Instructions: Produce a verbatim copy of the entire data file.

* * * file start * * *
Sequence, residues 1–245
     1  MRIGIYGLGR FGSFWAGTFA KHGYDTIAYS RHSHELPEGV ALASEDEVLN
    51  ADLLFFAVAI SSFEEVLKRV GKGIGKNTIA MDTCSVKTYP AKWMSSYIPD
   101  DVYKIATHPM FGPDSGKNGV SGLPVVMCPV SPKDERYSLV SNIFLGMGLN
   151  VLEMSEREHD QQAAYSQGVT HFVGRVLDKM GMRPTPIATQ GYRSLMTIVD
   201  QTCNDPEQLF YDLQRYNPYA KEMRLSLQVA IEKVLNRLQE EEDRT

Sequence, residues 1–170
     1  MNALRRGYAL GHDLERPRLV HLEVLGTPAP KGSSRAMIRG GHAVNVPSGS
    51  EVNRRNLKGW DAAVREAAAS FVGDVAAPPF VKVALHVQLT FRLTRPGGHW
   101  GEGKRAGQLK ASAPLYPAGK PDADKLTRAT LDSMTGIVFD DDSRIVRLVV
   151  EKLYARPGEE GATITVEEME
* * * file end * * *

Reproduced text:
Sequence, residues 1–245
     1  MRIGIYGLGR FGSFWAGTFA KHGYDTIAYS RHSHELPEGV ALASEDEVLN
    51  ADLLFFAVAI SSFEEVLKRV GKGIGKNTIA MDTCSVKTYP AKWMSSYIPD
   101  DVYKIATHPM FGPDSGKNGV SGLPVVMCPV SPKDERYSLV SNIFLGMGLN
   151  VLEMSEREHD QQAAYSQGVT HFVGRVLDKM GMRPTPIATQ GYRSLMTIVD
   201  QTCNDPEQLF YDLQRYNPYA KEMRLSLQVA IEKVLNRLQE EEDRT

Sequence, residues 1–170
     1  MNALRRGYAL GHDLERPRLV HLEVLGTPAP KGSSRAMIRG GHAVNVPSGS
    51  EVNRRNLKGW DAAVREAAAS FVGDVAAPPF VKVALHVQLT FRLTRPGGHW
   101  GEGKRAGQLK ASAPLYPAGK PDADKLTRAT LDSMTGIVFD DDSRIVRLVV
   151  EKLYARPGEE GATITVEEME